2 both data, carefully and accurately gathered in methodologically sound ways, and theory. Empirically testable hypotheses must guide the formation of conclusions. In the grand tradition of linguistics since Saussure, linguists must search for the general principles that underlie and illuminate the observed data. That said, there is still a wide range of approach within the scientific discipline of linguistics. Language and Society: A major concern of sociolinguists is to relate linguistic items sounds, words, grammatical patterns, etc. to social concepts such as power, solidarity, and the like. The relationships between language and society are many and varied. In some ways (e.g. age-grading), social structure influences or determines language, while in others (e.g. Whorfian Hypothesis), language influences or determines social structure. In some ways, the influence can be seen to be bi-directional, and some, such as staunch theoretical linguists in the Chomskian vein, may wish to deny a link between language and society altogether, or at least suggest that we cannot, at present, grasp the relationship in all its complexity. Whatever the true connection(s) between language and society, sociolinguistics is not just a mixture of linguistics and sociology. Sociolinguistics and the Sociology of Language: Sociolinguistics proper or microsociolinguistics is the study of language in relation to society; sociology of language or macrosociolinguistics is the study of society in relation to language. Micro-sociolinguistics looks at how social structure influences how people talk and at how language use correlates with social attributes. Macrosociolinguistics looks at what societies do with their language(s). Different scholars disagree about where to draw the line between sociolinguistics and language and society. There is also a growing trend toward an interventionist model of sociolinguistics, such as Faircloughs and van Dijks critical discourse analysis, which focuses on the way language is used to exercise and preserve power in societies. Those practicing within this type of framework often deny that objectivity is either possible or desirable in sociolinguistics. Methodological Concerns: Sociolinguistics must be scientific in methodology and oriented toward both data and theory: conclusions must be based on sound data and must focus on some theoretical end. Questions must lead to empirical testing. Some of the data sociolinguists draw on include censuses, documents, surveys, and interviews. Some data require statistical methods, especially when seeking to make statements about typical behaviors. Statistics places stringent requirements on sampling techniques, error estimation, and confidence level or level of significance with which statements can be made on the basis of the data. Drawing on Labov, Bell (1976) suggests eight general principles that should guide sociolinguists: 1) The cumulative principle; 2) The uniformation principle; 3) The principle of convergence; 4) The principle of subordinate shift; 5) The principle of style-shifting; 6) The principle of attention; 7) The vernacular principle; 8) The principle of formality. This last gives rise to the so-called observers paradox, whereby those intending merely to observe a situation inevitably interact with and alter it by their very presence and observation. Summary in a Sentence: The author introduces the major principles and issues in the study of sociolinguistics, offering a preview of the contents of the subject and the textbook, along with some fair warning about difficulties, controversies, and pitfalls implicit in the study. Developed summary: Wardhaugh begins his introduction by sketching brief, working definitions of language and society and noting their conceptual interdependence. He proceeds to develop a distinction between sociolinguistics and formal, theoretical linguistics as influenced by Chomsky. Like the latter, sociolinguistics is a scientific discipline, using scientific and statistical methodology to uncover the underlying and organizing principles behind observed linguistic data; however, whereas theoretical linguistics has tended to use the distinction between linguistic competence and performance to exclude what people do with their languages from formal study, sociolinguists agree that actual language use cannot and should not be left out. Beyond that basic conviction, though, the approaches to considering the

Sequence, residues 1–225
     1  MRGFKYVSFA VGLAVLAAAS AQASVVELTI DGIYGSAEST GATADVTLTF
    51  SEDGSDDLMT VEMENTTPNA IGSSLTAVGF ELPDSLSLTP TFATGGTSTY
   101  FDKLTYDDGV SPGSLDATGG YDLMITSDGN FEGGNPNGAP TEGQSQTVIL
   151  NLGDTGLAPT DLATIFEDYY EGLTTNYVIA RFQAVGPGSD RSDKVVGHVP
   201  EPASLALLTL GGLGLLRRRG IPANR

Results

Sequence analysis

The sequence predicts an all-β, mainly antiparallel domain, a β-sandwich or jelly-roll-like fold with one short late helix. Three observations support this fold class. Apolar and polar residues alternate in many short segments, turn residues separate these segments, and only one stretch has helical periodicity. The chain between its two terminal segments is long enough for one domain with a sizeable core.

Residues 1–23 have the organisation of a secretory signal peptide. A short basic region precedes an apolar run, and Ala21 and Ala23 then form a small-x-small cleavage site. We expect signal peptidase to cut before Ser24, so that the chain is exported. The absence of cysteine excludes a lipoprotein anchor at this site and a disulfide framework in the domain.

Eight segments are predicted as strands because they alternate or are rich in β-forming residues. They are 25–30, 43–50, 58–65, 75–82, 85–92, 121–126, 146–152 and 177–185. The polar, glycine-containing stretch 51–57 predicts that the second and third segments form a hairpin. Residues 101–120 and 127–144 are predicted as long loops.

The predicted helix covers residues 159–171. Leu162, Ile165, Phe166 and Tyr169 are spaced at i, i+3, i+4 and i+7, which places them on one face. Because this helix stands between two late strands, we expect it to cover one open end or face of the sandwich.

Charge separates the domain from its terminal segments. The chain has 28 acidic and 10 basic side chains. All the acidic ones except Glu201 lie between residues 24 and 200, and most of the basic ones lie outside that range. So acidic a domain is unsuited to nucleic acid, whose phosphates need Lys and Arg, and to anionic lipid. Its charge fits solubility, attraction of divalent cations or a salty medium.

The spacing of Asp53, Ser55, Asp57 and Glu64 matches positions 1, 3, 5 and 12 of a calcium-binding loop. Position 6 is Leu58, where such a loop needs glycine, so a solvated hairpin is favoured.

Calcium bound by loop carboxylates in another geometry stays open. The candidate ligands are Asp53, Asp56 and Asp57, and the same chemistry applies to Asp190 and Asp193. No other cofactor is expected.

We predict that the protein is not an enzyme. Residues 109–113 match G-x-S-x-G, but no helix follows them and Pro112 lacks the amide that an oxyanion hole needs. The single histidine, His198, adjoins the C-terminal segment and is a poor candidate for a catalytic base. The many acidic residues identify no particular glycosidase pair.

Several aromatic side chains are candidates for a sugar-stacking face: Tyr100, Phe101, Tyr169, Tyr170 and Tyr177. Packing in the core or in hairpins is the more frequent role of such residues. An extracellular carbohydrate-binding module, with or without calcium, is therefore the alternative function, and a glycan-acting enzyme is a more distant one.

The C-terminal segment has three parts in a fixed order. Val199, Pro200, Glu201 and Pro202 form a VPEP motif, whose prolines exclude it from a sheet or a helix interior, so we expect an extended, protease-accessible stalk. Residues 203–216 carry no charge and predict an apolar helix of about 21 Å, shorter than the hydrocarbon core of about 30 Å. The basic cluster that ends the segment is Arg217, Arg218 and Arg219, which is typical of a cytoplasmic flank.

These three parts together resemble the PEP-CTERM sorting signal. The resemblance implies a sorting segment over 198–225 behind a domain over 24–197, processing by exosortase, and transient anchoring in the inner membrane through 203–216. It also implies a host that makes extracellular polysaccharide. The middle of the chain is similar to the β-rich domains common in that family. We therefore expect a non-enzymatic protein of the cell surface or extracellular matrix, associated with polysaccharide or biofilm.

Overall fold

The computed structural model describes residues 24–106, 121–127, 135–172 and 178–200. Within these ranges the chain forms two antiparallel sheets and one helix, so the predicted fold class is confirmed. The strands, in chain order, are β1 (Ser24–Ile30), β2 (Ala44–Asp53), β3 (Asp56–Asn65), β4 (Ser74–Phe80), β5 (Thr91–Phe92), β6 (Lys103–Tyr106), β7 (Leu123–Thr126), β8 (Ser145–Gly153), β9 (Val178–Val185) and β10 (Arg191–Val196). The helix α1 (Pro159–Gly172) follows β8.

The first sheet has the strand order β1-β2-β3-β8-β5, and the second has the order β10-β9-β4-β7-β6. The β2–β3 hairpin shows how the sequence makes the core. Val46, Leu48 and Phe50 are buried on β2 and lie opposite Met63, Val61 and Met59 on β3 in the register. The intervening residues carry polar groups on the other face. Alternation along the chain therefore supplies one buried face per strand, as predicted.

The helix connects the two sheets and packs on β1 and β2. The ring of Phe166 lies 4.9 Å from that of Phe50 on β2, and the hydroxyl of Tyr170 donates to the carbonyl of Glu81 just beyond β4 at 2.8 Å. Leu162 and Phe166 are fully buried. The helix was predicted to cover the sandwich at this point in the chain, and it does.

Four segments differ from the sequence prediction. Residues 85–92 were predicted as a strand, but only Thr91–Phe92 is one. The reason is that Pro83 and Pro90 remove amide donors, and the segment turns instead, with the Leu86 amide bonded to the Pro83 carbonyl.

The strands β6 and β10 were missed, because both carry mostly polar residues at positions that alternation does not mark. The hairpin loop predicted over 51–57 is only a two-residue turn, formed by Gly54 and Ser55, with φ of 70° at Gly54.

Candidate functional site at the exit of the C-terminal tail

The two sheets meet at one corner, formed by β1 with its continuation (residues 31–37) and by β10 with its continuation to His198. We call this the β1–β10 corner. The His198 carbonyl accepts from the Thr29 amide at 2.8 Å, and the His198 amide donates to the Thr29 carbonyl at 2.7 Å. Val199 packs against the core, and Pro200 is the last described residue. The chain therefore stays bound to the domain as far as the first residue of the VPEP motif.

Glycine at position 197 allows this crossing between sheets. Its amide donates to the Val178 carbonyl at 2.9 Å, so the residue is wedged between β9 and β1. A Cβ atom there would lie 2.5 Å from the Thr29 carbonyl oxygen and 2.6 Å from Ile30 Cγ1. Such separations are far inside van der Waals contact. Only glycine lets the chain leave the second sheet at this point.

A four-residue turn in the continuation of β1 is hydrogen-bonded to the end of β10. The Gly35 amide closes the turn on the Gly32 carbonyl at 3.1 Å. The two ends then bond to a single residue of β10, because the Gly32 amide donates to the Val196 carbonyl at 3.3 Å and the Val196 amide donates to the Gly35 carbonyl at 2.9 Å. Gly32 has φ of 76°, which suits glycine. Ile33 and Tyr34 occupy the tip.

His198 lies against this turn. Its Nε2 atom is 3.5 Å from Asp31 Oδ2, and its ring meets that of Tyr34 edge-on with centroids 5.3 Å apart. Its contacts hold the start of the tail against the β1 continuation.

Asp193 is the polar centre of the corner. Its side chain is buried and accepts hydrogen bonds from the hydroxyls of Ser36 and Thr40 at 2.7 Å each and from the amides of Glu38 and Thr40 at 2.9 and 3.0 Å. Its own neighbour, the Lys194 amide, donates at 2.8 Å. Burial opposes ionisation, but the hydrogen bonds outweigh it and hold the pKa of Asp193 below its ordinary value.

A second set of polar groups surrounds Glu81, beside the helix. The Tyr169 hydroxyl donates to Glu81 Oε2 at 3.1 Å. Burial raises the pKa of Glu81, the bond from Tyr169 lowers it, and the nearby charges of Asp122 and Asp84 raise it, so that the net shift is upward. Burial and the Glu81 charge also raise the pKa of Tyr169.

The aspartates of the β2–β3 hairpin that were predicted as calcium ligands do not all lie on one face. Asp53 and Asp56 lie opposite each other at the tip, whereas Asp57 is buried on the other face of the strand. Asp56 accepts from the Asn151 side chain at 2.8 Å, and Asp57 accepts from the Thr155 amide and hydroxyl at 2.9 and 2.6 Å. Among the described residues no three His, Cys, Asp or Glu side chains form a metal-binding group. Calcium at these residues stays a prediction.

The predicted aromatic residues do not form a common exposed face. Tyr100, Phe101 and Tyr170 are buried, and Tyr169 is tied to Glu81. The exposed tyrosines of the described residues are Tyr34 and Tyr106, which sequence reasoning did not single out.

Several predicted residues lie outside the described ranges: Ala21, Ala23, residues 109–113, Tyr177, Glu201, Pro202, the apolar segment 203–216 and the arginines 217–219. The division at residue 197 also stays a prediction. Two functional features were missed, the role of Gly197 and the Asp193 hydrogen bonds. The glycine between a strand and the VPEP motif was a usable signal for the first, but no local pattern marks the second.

3 relationship between language and social structure and to correlating linguistic units with social concepts like power are many and varied. Wardhaugh cautions against what he sees as the ideological and subjective approach taken by interventionist sociolinguists, such as those who champion critical discourse theory. The author favors a more traditional, objectivist approach, noting that data-gathering must always be informed and guided by hypotheses grounded in sound theory toward the end of performing empirical tests. Wardhaugh observes that statistical methods are often employed by sociolinguists, especially when seeking to make statements about typical behaviors, and that such methods place stringent requirements on sampling techniques, error estimation, and the level of significance with which statements can be made on the basis of the data. He ends the chapter by listing the eight general principles Bell (1976) suggested should guide sociolinguists, principles that tell us: 1) that increasing study of a language builds knowledge quickly and leads to new and related areas in which others may already be working; 2) that the processes which affect languages now are the same as those that operated in the past, such that no clean break is possible between synchronic and diachronic perspectives; 3) that the greater the variety of data-gathering techniques and methods, the higher the value of the data for confirming or interpreting old findings, particularly when the new methods are used in other scientific areas; 4) that speakers of non-standard varieties of language shift in an irregular manner toward or away from the standard variety when asked about their own non-standard variety, which enables linguists to gather valuable data on varieties, standards, and change; 5) that all speakers of language shift and vary their style according to circumstance; 6) that the more attention speakers pay to their style of speech, the more formal it becomes; 7) that the most regular style in structure and relation to the history of the language is the vernacular, which is relaxed and least self-conscious; and 8) that systematic observation of a speech situation itself constitutes a context in which self-conscious attention will be paid to speech, thereby covering up the vernacular. Labov found that the effects of the observers paradox could be lessened by asking a question which elicited an emotional response, such as Have you been in a situation where you were in serious danger of being killed? The emotion thus elicited distracts the speaker from any self-consciousness and the resultant effects of attention and formality. In his conclusion, Wardhaugh emphasizes the multidisciplinary nature of sociolinguistics and provides an overview of the contents of the textbook, describing each part of the text and the issues/concepts it will examine. Evaluation: Wardhaughs writing is clear and fairly straightforward to follow, though the flow of topics in the introduction seems slightly jumbled, with a concern for methodology and scientific objectivity coming up in multiple subsections interrupted by other subsections. It is, however, a useful overview of his text and general approach, especially the disclosure of his bias against more activist-type scholarship.